“Not offending people is not a business model. You have to have something to say” – Dan Froomkin, PDF 2009.
Inoffensive, “objective” journalism isn’t good journalism, it’s good business. At least it was before the Web. In a world where printing presses — and by extension, competition — are scarce, it’s good business to try to appeal to the largest audience possible. A good way to appeal to the largest mass possible is to try not offending anyone.
This naturally leads to journalism that tries to triangulate both sides and sit somewhere in between. Not every story or issue has two correct sides. Good journalism is about trying to find the truth, but the truth can be offensive to people who don’t want to hear it.
Writing a story about climate change? Get a scientist on the record talking about how it is happening, then go find someone to say that it is not happening or that man isn’t causing it. Then make no determination of which side has more evidence or what the preponderance of science supports.
Instead, take the inoffensive — often ineffectual — middle ground. Let readers “decide” based on the “evidence” presented. This will usually lead to many stories and issues appearing as if there is consensus. Offense minimized.
Then came the Internet, and smart people didn’t want this limp reporting anymore. They wanted experienced and knowledgeable journalists to help them make sense of it all. People want journalists to help them find the truth, no matter how offensive that truth may be to some.
This has become a problem for newspapers. The notion of modern objectivity doesn’t serve journalism, it serves making money. At least it did.
After the Web took off, niche publications, blogs, social media, etc began to flourish. Suddenly it was OK to offend people. Suddenly it was OK to tell people what they didn’t want to hear.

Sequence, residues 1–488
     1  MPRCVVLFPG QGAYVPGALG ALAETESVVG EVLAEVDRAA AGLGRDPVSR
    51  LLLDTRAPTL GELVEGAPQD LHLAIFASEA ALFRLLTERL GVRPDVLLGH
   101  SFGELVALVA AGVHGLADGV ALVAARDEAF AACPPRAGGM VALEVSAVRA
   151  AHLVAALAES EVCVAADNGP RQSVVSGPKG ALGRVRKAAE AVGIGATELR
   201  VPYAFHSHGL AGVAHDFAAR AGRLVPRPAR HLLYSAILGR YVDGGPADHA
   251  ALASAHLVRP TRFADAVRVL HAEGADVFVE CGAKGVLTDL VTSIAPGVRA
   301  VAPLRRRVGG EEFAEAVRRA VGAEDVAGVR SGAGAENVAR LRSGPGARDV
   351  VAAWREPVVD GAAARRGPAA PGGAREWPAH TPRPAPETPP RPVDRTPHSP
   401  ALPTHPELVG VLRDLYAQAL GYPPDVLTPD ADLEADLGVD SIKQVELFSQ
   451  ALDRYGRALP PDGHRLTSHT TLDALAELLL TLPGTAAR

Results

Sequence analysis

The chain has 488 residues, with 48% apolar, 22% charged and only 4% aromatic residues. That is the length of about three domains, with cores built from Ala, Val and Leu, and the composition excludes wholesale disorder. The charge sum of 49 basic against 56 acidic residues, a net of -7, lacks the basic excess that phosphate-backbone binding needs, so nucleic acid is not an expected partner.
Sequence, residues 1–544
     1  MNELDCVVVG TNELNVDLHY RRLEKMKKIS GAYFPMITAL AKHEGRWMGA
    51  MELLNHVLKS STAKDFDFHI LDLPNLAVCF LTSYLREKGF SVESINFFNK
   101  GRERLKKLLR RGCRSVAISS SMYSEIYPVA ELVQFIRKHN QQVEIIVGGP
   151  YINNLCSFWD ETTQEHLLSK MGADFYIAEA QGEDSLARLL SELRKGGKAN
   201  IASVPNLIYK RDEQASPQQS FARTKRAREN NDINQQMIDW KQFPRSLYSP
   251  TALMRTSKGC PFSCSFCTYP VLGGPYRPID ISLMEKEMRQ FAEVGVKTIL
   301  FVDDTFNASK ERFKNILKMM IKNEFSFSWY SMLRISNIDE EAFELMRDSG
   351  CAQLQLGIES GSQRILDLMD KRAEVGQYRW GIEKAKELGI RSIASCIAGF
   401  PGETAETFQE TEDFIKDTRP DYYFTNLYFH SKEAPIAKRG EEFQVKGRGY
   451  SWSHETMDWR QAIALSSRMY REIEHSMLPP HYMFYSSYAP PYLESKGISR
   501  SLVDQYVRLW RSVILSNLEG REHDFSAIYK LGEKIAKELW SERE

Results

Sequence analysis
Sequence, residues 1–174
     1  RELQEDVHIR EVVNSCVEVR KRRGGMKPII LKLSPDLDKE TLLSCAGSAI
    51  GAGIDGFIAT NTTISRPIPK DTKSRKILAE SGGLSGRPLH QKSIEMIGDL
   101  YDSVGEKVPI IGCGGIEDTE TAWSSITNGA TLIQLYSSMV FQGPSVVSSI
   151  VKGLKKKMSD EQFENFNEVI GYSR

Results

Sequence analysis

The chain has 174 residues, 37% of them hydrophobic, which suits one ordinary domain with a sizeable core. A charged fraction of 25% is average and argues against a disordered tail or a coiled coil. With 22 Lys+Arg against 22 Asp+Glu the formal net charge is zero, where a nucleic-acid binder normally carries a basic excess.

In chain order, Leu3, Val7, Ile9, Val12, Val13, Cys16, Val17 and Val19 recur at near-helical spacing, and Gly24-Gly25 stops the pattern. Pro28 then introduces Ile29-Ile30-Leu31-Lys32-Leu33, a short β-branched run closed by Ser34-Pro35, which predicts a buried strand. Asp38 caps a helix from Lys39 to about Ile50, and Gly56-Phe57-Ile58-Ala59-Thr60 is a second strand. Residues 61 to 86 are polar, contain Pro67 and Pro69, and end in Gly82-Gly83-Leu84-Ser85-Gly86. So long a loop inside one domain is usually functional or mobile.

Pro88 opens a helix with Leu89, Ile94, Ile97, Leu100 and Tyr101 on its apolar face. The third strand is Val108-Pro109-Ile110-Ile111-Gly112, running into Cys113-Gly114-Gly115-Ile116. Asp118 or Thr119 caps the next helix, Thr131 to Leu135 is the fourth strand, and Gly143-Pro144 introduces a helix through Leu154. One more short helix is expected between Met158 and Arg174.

Why? The barriers to entry for starting a Web site or blog are incredibly low. Building a printing press took a large investment. A good way to pay if off — and rack in monster profits — was to try to appeal to as large of an audience as possible. But starting a blog is free and building a professional Web site is a fraction of the cost of a printing press (let alone operating and running said press).
Now appealing to everyone doesn’t make business sense. At least, it’s not a requirement. Suddenly it makes sense to appeal to niches. The nicheification of content is at the core of the Web. People have diverse interests, and the Web allows those interests to flourish.
Want to write about just science stories? Start a blog for free, and you’ll probably find more success by not trying to be in the middle ground all the time. If you’re knowledgeable about a topic, people want to hear what you know and think.
I don’t envision a future where we see giant 1,000 person newsrooms anytime soon. But if newspapers want to survive, they’ll have to consider creating passionate journalism again. They’ll have to consider offending people.
They key to offending people is to be right. I can respect someone who challenges my beliefs when they are right. After all, that’s a main way my beliefs change over time.
To bring this back to the lede, newspapers need more Dan Froomkins, not less. Dan was not afraid to offend people, and at one point, he probably challenged everyone’s views. He was willing to tell the truth and be fair and honest.
His brand of objectivity wasn’t to give both sides to every story, but for him to try his best to find the truth. And that can often be “offensive.” But that’s also what made Dan so popular and respected.
People are turning to blogs and new media outlets precisely because they find much of traditional media too afraid to tell the truth. But if newspapers accept that objectivity isn’t about telling all sides to every story, but rather about finding the truth, I believe they’ll find better success moving forward on the Web.